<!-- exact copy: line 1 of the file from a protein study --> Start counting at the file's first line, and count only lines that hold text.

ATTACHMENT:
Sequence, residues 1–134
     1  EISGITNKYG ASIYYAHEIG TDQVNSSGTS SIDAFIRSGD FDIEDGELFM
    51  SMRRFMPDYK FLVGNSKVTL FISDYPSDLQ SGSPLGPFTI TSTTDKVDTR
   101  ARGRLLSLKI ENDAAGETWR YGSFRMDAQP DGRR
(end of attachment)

Sequence, residues 1–134